• Tiger getting busier while Rory still dealing with lawsuite

    As professional golf waits for the season to gear up again, Tiger Woods eyes a return, while Rory McIlroy continues to settle his lawsuit with his management company. 

    After pulling out of the PGA Championship due to back issues, Woods will return to the golf course to participate in his foundation’s tournament, the Hero World Challenge, on Dec. 4-7. 

    According to Woods’ agent, Mark Steinberg, Tiger is still listening to his doctors.  The former great is having had back surgery on March 31, while also returning to the golf course in June, participating in four events.  However, he pulled out of the WGC-Bridgestone Invitational and a week later missed the cut on Aug. 8 at the PGA Championship. 

    Woods began the year ranked highly, but fell to 17th because of his results and inactivity. 

    Yet as Woods works to get back to course play, he announced on Tuesday that his first golf course, El Cardonal course at Diamente in Cabo San Lucas, Mexico, opens on Dec. 16. 

    He plans to open a course called Bluejack National, near Houston, but we will have to wait to see how his first course turns out.  Woods has tried to design courses in the Dubai desert, Asheville, North Carolina, and Mexico’s Baja Coast, but none of them came through. 

    Now that we have looked at the former No. 1 player, what is Rory McIlroy, the current No. 1 player up to? 

    McIlroy is skipping the European Master’s BMW Master’s at the end of October and the PGA Tour’s WGC-HSBC Champions during November to devote time to his lawsuit against former management company Horizon Sports.  Supposedly during mediation talks, he and Horizon Sports could not reach an agreement and a February 2015 court date has been set. 

    Even with taking some time off, McIlroy will return to the DP World Tour Championship in Dubai on Nov. 20. 

    However, this court date could affect his tournament schedule for 2015.  He is still listed to participate in the Euro Tour’s Abu Dhabi HSBC Golf Championship and the Omega Dubai Desert Classic in January. 

    These tournaments will be beneficial for McIlroy as he prepares to complete golf’s career grand slam to win the Masters this year.         

  • Royals, Giants face off in Game 1 of World Series

    The 2014 World Series will get kicked off in Missouri tonight as the Kansas City Royals host the San Francisco Giants in the first game of the best-of-seven series.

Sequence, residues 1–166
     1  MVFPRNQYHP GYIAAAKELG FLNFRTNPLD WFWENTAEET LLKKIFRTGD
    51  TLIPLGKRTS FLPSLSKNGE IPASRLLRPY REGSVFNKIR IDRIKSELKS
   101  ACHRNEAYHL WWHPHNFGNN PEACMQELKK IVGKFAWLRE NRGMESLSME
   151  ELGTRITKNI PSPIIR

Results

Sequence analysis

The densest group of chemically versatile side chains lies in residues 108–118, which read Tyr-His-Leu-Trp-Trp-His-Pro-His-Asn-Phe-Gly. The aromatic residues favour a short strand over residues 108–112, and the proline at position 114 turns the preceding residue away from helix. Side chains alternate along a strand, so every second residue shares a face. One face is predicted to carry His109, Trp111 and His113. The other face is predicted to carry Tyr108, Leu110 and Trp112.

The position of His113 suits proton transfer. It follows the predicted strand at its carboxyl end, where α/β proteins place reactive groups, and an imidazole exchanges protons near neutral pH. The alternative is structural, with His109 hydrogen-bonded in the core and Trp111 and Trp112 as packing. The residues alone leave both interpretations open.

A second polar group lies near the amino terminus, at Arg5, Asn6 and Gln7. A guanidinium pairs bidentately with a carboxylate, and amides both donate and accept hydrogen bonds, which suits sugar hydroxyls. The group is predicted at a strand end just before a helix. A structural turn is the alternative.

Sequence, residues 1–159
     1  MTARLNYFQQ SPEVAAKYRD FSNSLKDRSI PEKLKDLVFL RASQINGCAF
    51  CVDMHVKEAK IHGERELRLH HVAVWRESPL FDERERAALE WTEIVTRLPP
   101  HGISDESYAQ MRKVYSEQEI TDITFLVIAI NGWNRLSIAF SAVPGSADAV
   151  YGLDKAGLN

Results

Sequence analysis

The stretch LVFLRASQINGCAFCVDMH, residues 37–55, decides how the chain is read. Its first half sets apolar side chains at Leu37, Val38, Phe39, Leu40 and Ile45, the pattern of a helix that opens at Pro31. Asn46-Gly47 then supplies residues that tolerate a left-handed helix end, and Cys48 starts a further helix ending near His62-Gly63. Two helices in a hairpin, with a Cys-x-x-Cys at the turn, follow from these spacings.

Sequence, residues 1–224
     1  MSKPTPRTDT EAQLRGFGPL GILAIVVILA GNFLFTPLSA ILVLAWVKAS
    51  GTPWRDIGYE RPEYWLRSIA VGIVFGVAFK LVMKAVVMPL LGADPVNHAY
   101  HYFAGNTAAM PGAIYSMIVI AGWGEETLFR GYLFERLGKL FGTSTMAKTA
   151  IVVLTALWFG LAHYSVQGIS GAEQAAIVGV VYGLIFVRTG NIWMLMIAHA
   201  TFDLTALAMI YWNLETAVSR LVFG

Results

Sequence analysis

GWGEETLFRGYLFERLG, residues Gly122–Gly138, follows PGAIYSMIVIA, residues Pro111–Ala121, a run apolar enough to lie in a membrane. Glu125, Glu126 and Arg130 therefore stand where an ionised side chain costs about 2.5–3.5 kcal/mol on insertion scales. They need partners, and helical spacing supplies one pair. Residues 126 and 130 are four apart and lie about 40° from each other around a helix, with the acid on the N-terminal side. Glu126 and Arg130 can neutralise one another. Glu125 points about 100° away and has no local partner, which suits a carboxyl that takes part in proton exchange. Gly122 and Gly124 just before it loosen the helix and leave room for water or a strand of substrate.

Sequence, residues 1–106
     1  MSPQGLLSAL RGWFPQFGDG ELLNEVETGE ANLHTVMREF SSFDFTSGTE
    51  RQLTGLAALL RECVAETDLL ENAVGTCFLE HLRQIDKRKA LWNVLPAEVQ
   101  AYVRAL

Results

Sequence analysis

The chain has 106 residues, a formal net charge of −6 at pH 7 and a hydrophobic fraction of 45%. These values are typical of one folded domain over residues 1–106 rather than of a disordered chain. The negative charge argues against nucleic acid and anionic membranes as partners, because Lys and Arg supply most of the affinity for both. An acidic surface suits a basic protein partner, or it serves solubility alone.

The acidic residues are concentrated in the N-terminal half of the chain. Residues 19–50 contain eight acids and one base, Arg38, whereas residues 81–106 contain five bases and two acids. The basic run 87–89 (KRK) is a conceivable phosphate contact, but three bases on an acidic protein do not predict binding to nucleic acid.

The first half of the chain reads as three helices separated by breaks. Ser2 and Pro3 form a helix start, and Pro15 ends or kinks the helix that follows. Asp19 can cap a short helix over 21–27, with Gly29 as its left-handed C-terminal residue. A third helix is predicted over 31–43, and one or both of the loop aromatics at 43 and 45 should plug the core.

For the Royals, this is their first World Series appearance since they won it all in 1985. The Giants are back for the third time in five years and looking for their third title. Both teams started this postseason by winning wild card games and are looking to make history by winning this destiny-filled series.

    Honestly, I have no idea who will win this one. My postseason bracket this year was awful and these two teams have been playing with some kind of magic that makes anything possible. Nevertheless, here’s my brief rundown of the matchups and my pick to win it all.

    The starting pitchers that have been confirmed so far are as follows:

    Game 1- (SF) Madison Bumgarner v. (KC) James Shields

    Game 2- (SF) Jake Peavy v.(KC) Yordano Ventura

    Game 3- (KC) TBD v. (SF) Tim Hudson

    Game 4- (KC) TBD v. (SF) Ryan Vogelsong

    Statistically, the Giants have a lower team earned run average (2.18) than the Royals (2.93), but I don’t think that completely sums up the pitching comparison. San Francisco’s starting rotation has been a little better this postseason, in my opinion, but Kansas City has a much deeper and stronger bullpen. The Giants’ relievers have been good, but their bullpen isn’t as solid as Kansas City’s.

    Both closers successfully saved every game they were asked to, with San Francisco’s Sergio Casilla going 4-for-4 and not allowing a run in 6.2 innings pitched and Kansas City’s Greg Holland going 6-for-6 with one run scored in eight innings pitched. Again, I think the Royals have a slight advantage in pitching as the game goes on and I think their bullpen will need to be extra special against the Giants’ persistent offense.